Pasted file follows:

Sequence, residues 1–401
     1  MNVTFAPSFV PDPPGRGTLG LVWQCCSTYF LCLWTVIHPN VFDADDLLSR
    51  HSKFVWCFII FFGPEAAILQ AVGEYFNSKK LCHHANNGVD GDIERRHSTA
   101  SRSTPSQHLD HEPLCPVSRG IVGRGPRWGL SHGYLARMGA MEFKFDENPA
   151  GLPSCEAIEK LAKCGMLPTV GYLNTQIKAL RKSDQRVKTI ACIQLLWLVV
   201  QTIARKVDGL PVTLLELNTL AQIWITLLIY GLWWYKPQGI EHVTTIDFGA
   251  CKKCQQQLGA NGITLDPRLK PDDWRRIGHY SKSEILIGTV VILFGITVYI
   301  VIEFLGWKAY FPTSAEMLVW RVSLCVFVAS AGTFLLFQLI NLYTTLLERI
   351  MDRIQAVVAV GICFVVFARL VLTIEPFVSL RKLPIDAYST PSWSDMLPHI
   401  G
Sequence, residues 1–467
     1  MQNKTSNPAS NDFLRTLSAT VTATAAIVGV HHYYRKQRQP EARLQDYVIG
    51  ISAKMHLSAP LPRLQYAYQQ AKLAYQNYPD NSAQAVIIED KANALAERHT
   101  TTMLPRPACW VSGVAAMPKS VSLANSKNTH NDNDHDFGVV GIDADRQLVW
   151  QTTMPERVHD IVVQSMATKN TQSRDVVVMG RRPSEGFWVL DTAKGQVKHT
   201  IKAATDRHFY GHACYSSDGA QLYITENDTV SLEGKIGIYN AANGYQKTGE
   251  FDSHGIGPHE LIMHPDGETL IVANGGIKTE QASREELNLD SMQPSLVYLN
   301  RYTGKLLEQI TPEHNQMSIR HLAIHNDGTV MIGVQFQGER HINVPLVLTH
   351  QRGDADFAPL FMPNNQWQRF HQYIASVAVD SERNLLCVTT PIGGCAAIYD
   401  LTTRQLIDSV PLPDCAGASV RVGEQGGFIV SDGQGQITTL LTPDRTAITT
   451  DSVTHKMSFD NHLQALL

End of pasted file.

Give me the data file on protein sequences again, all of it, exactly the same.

Sequence, residues 1–401
     1  MNVTFAPSFV PDPPGRGTLG LVWQCCSTYF LCLWTVIHPN VFDADDLLSR
    51  HSKFVWCFII FFGPEAAILQ AVGEYFNSKK LCHHANNGVD GDIERRHSTA
   101  SRSTPSQHLD HEPLCPVSRG IVGRGPRWGL SHGYLARMGA MEFKFDENPA
   151  GLPSCEAIEK LAKCGMLPTV GYLNTQIKAL RKSDQRVKTI ACIQLLWLVV
   201  QTIARKVDGL PVTLLELNTL AQIWITLLIY GLWWYKPQGI EHVTTIDFGA
   251  CKKCQQQLGA NGITLDPRLK PDDWRRIGHY SKSEILIGTV VILFGITVYI
   301  VIEFLGWKAY FPTSAEMLVW RVSLCVFVAS AGTFLLFQLI NLYTTLLERI
   351  MDRIQAVVAV GICFVVFARL VLTIEPFVSL RKLPIDAYST PSWSDMLPHI
   401  G
Sequence, residues 1–467
     1  MQNKTSNPAS NDFLRTLSAT VTATAAIVGV HHYYRKQRQP EARLQDYVIG
    51  ISAKMHLSAP LPRLQYAYQQ AKLAYQNYPD NSAQAVIIED KANALAERHT
   101  TTMLPRPACW VSGVAAMPKS VSLANSKNTH NDNDHDFGVV GIDADRQLVW
   151  QTTMPERVHD IVVQSMATKN TQSRDVVVMG RRPSEGFWVL DTAKGQVKHT
   201  IKAATDRHFY GHACYSSDGA QLYITENDTV SLEGKIGIYN AANGYQKTGE
   251  FDSHGIGPHE LIMHPDGETL IVANGGIKTE QASREELNLD SMQPSLVYLN
   301  RYTGKLLEQI TPEHNQMSIR HLAIHNDGTV MIGVQFQGER HINVPLVLTH
   351  QRGDADFAPL FMPNNQWQRF HQYIASVAVD SERNLLCVTT PIGGCAAIYD
   401  LTTRQLIDSV PLPDCAGASV RVGEQGGFIV SDGQGQITTL LTPDRTAITT
   451  DSVTHKMSFD NHLQALL